Investors are buying up debt of everything from Brazilian airlines to Indian ports, hastened by a hunt for yield and default levels among emerging market companies below that of U.S. peers.
Source: The Guardian
In a sign of the sector’s growing appeal, year-to-date flows into emerging bonds have turned positive for the first time in eight months, with $3.5 billion flowing in during the week to Nov. 18, the fourth largest inflows ever, according to BofA, citing EPFR Global data.
A breakdown of the push into emerging market corporate debt is not available, but fund managers see signs of growing interest as the passing of the U.S. election and progress on COVID-19 vaccines reawakens investors’ appetite for risk.
For a graphic on Flows to emerging market debt turn positive:
“The Fed has indicated it will not hike rates for a long time and in this environment the search for yield will continue and intensify,” said Rodica Glavan, head of emerging market corporate fixed income at Insight Investment.
“People need to put money to work and as inflows come in they will need to be invested and EM corporates stand to benefit.”
EM corporate fixed income offers a year-to-date return of 5.6%, less than 30-year Treasury bonds, but more than other fixed income peers like U.S. corporate high-yield and emerging market sovereign, according to BofA.
And investors see more upside potential as emerging market corporate bond spreads are trading at around 320 basis points, short of the 255 basis points level of mid-February, indicating there’s room for more tightening and, therefore, more returns.
Their bullishness is built on a belief that a COVID-19 vaccine should help tip the balance back in favour of sectors such as trade, tourism and commodities, the engines motoring emerging markets that have been sputtering since the pandemic.
Brazilian airline bonds are being eyed by Glavan, who is already invested in Pemex, the state-owned Mexican energy behemoth.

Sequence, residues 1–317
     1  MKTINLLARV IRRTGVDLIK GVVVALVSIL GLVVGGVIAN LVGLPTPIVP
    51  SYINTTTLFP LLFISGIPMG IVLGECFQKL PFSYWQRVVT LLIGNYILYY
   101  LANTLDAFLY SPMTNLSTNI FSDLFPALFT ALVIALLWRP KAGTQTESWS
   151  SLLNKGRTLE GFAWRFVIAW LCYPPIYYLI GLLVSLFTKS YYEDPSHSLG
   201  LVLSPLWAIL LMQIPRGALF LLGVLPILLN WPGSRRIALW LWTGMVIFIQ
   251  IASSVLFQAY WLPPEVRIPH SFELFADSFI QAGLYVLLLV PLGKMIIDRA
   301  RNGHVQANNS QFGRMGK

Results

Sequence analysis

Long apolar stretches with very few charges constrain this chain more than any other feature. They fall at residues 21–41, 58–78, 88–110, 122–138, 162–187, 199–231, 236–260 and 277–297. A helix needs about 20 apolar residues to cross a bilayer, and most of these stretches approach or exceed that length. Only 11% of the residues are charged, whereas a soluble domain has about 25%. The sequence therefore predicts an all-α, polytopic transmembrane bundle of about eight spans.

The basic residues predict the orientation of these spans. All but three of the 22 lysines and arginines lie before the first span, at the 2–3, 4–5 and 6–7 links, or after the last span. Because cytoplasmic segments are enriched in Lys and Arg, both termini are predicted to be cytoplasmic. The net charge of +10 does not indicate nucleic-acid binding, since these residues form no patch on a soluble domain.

Iron ore, copper and zinc producers in South America, as well as Middle East and Indian ports and Egyptian companies in the tourism sector are in the cross-hairs of Alejandro Arevalo, emerging market debt manager at Jupiter Asset Management.
“Once the vaccine starts to play through we’re going to see some rotation into Latin America as it has been one of those regions where people have been very cautious because of the continued high spread of the virus and with a vaccine we may see these economies outperform,” said Arevalo.
For a graphic on Emerging market corporate bond returns by region:
But risks lurk beneath the surface. Several Chinese state companies have defaulted or faced credit stress in recent weeks, sparking a selloff in China’s corporate debt market.
The development alarmed some investors who generally assume state-owned firms will be supported by the government in times of stress.
“More defaults are coming as Chinese authorities refocus on deleveraging of SOEs (state-owned enterprises) now that the worst of the pandemic has passed,” said Chang Li, China country specialist at S&P Global Ratings. “Default rates are still low overall, however, and will unlikely lead to systemic risk.”
Despite the ravages of the pandemic, default rates among emerging market high-yield corporates year-to-date stand at about 3%, roughly half that of U.S. high-yield firms, said Glavan. It’s also less than during the global financial crisis when it touched 10.5% for emerging market companies.
Fresh flare-ups in COVID-19 infections that hinder the global economic recovery and sanctions or other adverse policy action by the incoming U.S. administration against the likes of Russia, Turkey and China are other potential pitfalls for investors.
But most investors are betting on a more supportive backdrop, with a Joe Biden presidency seen offering a more predictable policymaking on trade and U.S.-China relations. The outlook for a lower U.S. dollar will also be helpful for developing currencies.